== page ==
Telling a Great Story

Let’s start learning how to write teeny-tiny snippets of fiction by looking at it’s polar-opposite–the cinematic epic form of story you’ve learned to love, the movies.

In particular, I’d like to steer you to Story: Style, Structure, Substance, and the Principles of Screenwriting by Robert McKee.

I know, I know. You’re a FLASH FICTION WRITER. Why do I want you to read a book about SCREENWRITING?

Robert McKee lays down the fundamental doctrines of how to tell a classical narrative. His theory is that before you can write a multi-protagonist, second-person point-of-view, inanimate object narrator, anti-hero saga, you must first master the classical narrative.

 

It’s not even about learning the rules. It’s identifying the structure of storytelling that has worked from Plato to Dante to modern day.

McKee even notes that the shaky beginner clings to rules. The rebellious writer breaks the rules. But it’s the artist who uses the full set of tools at his disposal to create a masterwork.

With this in mind, we’re going to breakdown the framework of story over the next few weeks. We’ll look at structure and how it effects plot. It’s a lot to take in, which is why I highly suggest you read McKee’s book. Keep it on your bookshelf, pull it down, go through it every now and again. Your writing will be stronger because of it.

I would like to say we live in a time of great storytelling. But we don’t.

We are the product of YouTube, Vimeo, Flickr, and Vine. Our lives are snippet-sized sound bites ready not for the evening news like our parents’ generation, but for a Facebook video we hope goes viral. Storytelling has been reduced to the shock value of an image, a gasp, a shove into a million others just like it.

Where is the craft? Yes, you can argue there is a psychology of marketing behind those soundbites and snippets but how much more is there in concocting an entire world with the enough impact to bring readers to collective tears of sorrow or wonder?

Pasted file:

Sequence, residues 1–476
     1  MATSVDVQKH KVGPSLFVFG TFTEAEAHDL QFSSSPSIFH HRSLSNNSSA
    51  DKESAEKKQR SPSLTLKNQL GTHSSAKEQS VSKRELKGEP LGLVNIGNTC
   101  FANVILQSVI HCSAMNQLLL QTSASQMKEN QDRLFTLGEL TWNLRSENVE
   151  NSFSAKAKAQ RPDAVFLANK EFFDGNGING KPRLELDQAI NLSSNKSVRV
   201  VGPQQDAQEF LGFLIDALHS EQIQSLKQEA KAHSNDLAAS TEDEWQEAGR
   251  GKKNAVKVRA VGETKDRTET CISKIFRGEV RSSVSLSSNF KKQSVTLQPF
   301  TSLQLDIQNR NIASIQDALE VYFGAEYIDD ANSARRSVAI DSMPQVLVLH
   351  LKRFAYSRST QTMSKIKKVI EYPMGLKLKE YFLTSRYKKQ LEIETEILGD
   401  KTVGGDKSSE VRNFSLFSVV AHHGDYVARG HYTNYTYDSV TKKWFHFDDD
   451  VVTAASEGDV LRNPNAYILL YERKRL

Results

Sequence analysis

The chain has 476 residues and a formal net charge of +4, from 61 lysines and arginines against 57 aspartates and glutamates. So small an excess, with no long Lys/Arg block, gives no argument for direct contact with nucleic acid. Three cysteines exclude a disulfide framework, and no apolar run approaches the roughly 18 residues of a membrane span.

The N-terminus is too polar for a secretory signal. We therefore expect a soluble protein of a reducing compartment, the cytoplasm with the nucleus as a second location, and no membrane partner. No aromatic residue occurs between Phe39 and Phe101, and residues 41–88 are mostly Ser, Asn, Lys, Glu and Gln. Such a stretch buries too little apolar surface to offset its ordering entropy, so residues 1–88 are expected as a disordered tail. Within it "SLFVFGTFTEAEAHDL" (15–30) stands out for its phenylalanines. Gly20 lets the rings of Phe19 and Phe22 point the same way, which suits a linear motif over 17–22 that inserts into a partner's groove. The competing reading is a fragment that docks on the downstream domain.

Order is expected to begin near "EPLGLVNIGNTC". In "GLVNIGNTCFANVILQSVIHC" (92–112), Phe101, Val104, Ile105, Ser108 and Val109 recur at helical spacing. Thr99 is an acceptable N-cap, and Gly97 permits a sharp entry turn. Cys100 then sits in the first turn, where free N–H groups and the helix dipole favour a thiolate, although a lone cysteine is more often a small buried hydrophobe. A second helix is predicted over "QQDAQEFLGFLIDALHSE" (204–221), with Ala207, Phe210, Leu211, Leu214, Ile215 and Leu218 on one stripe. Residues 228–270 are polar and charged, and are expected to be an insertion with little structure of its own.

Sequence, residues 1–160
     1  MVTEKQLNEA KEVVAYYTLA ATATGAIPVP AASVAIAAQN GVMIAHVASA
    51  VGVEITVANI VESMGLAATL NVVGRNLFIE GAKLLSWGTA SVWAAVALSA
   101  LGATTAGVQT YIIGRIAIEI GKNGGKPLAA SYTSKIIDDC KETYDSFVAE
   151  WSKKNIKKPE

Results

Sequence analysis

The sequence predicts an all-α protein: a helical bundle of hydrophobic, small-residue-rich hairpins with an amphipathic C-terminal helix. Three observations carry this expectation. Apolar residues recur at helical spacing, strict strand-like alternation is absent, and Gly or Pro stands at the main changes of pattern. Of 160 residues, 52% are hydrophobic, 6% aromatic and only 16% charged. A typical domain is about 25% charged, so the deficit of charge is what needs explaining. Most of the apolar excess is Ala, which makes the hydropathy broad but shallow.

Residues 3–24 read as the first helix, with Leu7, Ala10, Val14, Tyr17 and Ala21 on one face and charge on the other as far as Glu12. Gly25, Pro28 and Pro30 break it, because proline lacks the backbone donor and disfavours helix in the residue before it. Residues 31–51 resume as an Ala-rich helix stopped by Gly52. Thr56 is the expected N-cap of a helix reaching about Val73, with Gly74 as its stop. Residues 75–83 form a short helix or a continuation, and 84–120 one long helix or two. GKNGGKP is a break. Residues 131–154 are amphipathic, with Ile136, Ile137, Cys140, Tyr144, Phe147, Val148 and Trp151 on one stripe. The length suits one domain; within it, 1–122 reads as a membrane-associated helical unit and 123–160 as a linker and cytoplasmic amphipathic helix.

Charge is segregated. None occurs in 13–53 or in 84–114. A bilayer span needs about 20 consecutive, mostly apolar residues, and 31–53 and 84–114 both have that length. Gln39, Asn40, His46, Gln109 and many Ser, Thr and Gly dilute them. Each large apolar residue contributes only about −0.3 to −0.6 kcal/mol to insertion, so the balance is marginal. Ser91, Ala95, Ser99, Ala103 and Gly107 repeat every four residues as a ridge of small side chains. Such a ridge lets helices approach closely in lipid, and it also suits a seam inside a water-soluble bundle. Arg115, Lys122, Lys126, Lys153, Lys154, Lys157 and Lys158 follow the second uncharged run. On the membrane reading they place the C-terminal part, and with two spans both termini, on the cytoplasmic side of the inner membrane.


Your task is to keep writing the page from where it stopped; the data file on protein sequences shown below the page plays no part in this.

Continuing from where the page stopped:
And I’m not talking about literary finesse either. That’s an entirely different skill than storywriting.

Let me put it this way.

Krispy Kreme donuts are one of my favorite things (Don’t judge. I’m Southern. Very.) Now, you could fancy one up, glaze it with some foofy sauce or another, and call it a cream puff or eclair or jumbo petit four, but at the end of the day, it’s still going to have the nutritional density of a…yeah…Krispy Kreme donut.

Story is like that too (only far less hydrogenated).

You can labor for hours and hours. Months. Years. A lifetime. Making each phrase melodic and rhythmic.

But at the end of the day, if the story sucks, it’s still a Krispy Kreme donut.

(This analogy is failing because I would eat that donut but I wouldn’t buy your story.)

You get my gist.

Story is more than plot.

What is plot? Well, we’ll get to that in more details so hold your horses, but for now, let’s say plot is the writer’s way of moving characters through events in time.

Story is the whole kit and caboodle

Plot + Characters + Setting + Struggle + Twists/Turns/Reversals  + Final Confrontation + Denouément

Now, not every story is going to follow a classical narrative (which is what I gave you).

But a classical narrative (McKee calls this an “archplot) has a few defining features:

  1. Causality
  2. An active protagonist
  3. Closed ending
  4. Linear time
  5. External conflict
  6. Consistent reality

In movie terms, since we’re talking Hollywood, think about your favorite movie plots. Do they fit this structure? For example, take The Wizard of Oz.

Dorothy is our active protagonist. A tornado blows her to Oz (causality). The time runs in a linear fashion. She makes her way through Oz, and even though it’s Oz, it’s a consistent reality that we can believe. Dorothy doesn’t have an internal crisis about her place in the universe. Her main conflict is external–getting home. And the film ends with Dorothy returned to Kansas for a tidy closed ending.

Could it have been more literary? Of course. Experimental? Of course.

But from a storytelling perspective, The Wizard of Oz captured fans across the world with its straightforward yet dynamic story.

The system works. And we, as writers, can use this to our advantage. There’s no need to recreate the wheel when sometimes all we need to do is roll.

So here’s your challenge for today:

Pick three of your favorite famous Hollywood movies. Break them down and see if they fit the classical narrative structure.

THEN…come up with a story outline (the length doesn’t matter) that meets the same criteria.  If you feel inspired to write the whole thing, then by all means, do it. You know where to find our submissions link.

Post your outline in the comment section below and your fellow writers will leave feedback (CONSTRUCTIVE ONLY).

Now, off to it. And happy writing!